No loss to customers from cyber attack: Axis Bank

New Delhi, Oct 19: Private sector Axis Bank today said there was no loss to its customers from the recent cyber attack. The malware attack was detected in time and was duly informed to the regulator RBI, Axis Bank said in a statement.


New hacker collective targets SWIFT system

Following the $81 million cyberattack in February, a second hacking group has emerged with the intention of exploiting the SWIFT money transfer system to rob banks.

A report from the security firm Symantec has revealed that these cyberattacks have occurred since January and have targeted companies located in the US, Hong Kong, Australian and other countries. The firm has detected 74 different computer infections that suggest that around 100 organizations have been affected by these attacks so far.



Google Sprayscapes lets you build surreal 360-degree landscapes

Google has long held a reputation for being an experimental company, so it was notable that it felt the need to build Android Experiments, the platform it launched last year to show developers how weird you can get when building smartphone apps. The crazy interactive "paper planes" demo Google showed off at its I/O developer conference earlier this year is a perfect example of what the company is encouraging developers to do with Android Experiments.

All developers are encouraged to build Android Experiments, but today Google is launching one of its own called Sprayscape. It’s a weird name, but fairly accurate once you start using the app: It turns whatever your camera sees into a virtual spray paint gun that lets you splash the landscape around a 360-degree virtual canvas. The phone’s gyroscope is used to orient your position inside that sphere.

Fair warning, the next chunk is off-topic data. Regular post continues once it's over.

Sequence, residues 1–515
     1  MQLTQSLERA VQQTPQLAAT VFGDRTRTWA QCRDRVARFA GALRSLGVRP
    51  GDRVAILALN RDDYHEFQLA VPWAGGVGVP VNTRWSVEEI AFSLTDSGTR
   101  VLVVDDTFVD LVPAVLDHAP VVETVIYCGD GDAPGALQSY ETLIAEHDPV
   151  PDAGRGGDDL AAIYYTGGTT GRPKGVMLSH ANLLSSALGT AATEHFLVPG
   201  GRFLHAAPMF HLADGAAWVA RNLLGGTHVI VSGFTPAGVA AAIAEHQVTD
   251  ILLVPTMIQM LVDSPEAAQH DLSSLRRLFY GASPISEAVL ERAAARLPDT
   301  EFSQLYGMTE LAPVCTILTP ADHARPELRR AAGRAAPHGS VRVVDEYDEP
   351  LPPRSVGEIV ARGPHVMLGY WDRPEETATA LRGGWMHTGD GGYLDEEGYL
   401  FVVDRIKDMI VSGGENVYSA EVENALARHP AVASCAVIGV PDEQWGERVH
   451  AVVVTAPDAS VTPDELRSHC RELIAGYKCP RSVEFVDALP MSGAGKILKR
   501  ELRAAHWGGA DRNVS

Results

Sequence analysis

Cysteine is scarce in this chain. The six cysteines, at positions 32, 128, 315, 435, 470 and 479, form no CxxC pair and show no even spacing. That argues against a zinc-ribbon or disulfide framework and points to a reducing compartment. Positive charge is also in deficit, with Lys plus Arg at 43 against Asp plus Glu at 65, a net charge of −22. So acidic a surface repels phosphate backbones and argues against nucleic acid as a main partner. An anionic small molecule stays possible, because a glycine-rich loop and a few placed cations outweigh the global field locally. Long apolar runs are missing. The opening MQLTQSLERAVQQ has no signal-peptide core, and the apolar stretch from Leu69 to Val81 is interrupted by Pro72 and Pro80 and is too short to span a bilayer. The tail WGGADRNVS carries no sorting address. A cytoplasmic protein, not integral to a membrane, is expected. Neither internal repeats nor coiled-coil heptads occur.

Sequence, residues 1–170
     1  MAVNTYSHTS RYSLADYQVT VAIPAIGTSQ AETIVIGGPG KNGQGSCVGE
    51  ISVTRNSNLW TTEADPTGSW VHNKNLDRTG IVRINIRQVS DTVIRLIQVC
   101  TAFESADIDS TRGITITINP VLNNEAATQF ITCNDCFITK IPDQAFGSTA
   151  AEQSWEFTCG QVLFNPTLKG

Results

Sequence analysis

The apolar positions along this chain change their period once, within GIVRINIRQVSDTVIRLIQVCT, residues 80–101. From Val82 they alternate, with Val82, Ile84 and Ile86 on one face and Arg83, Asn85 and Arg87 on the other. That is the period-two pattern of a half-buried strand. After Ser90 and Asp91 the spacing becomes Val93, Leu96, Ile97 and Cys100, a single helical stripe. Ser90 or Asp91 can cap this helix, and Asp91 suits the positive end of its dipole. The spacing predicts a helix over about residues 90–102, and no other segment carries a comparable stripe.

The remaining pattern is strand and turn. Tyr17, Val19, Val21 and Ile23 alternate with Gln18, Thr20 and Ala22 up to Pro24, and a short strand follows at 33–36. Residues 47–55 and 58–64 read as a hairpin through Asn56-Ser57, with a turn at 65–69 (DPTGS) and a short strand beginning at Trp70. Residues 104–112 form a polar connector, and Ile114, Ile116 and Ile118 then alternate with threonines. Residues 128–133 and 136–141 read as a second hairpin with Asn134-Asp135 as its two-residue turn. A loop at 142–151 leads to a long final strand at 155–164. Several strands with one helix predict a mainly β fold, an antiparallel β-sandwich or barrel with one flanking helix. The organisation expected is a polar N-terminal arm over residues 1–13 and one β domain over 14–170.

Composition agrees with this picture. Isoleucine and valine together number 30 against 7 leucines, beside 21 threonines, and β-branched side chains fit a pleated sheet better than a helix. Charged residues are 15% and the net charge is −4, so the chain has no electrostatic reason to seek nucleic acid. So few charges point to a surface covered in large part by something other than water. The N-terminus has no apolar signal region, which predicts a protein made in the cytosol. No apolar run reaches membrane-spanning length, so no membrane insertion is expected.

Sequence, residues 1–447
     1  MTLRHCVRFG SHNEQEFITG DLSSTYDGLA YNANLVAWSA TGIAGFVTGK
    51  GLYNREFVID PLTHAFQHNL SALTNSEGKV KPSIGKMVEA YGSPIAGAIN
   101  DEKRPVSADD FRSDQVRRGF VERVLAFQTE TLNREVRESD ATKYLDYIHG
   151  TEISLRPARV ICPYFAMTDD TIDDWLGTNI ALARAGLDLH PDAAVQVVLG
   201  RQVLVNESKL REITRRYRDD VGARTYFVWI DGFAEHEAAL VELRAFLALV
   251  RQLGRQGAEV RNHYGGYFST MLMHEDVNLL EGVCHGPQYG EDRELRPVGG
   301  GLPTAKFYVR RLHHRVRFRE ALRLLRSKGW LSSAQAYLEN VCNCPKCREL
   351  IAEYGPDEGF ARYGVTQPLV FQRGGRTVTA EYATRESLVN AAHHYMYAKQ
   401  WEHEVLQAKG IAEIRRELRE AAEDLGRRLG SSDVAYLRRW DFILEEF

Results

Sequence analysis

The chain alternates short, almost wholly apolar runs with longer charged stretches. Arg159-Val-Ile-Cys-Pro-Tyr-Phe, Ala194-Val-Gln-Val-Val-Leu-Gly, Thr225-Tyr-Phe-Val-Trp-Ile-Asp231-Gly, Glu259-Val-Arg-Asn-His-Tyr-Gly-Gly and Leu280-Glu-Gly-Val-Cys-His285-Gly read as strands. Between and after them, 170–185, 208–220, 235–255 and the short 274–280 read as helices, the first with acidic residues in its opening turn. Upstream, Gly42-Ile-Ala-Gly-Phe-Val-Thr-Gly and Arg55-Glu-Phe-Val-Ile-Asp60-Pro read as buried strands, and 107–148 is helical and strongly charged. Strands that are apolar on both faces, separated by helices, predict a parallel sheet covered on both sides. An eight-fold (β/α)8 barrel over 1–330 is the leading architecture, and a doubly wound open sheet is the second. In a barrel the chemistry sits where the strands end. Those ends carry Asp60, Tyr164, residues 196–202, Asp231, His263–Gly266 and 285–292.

I won’t fault you if that description just made things more confusing. Here’s an example of an image I created using the app. That should clear everything up.

Still confused? I don’t blame you. It took me a long while to figure out how to best use the app, partially because there’s nothing in the way of directions when you launch Sprayscape for the first time. All you see is a black screen with some white grid lines outlining a 360-degree space. It sort of feels like you’re in an empty Photo Sphere (remember those?).

After many failed experiments, I realized that if you tap and hold on the screen, it’ll "spray" whatever the camera sees onto the 360-degree canvas; if you keep your finger on the screen and move the camera around, you’ll start filling in that space with the colors of the world around you.

It’s not altogether different from creating a Photo Sphere, but Sprayscape encourages weirdness and creativity and is absolutely not well-suited to capturing an accurate representation of the world around you. Once I realized that, I started getting weird. I took my phone on a walk and started randomly spraying in whatever was around me as I walked, with no concern for stitching together a coherent scene.

Another time, I tried to "write" on the virtual wall, with little success; there’s only enough room to get in about three letters, and a lack of precision makes it a pretty tricky prospect. That’s fine, though: There isn’t a "right" way to use the app, and it’s clearly meant for experimentation. Ultimately, the creations I liked the best were when I stood in one spot, spinning around to capture as much of the scene as I could. The results evoked where I was standing, but in a blurry, surreal dream-like way. Stitching together results from various locations looked much weirder and disjointed.

Unfortunately, the app is also pretty buggy right now in some crucial ways — namely saving your creations. Once you’re done making your scene, you can tap a save button that’ll upload an image file to your Google Drive account. You can also upload the link to a Sprayscape sharing site that’ll let others view it in their browser, on web or mobile. Viewing in a browser works pretty well, actually; you can pan around the scene by moving your phone, or click and drag around if you’re on a desktop.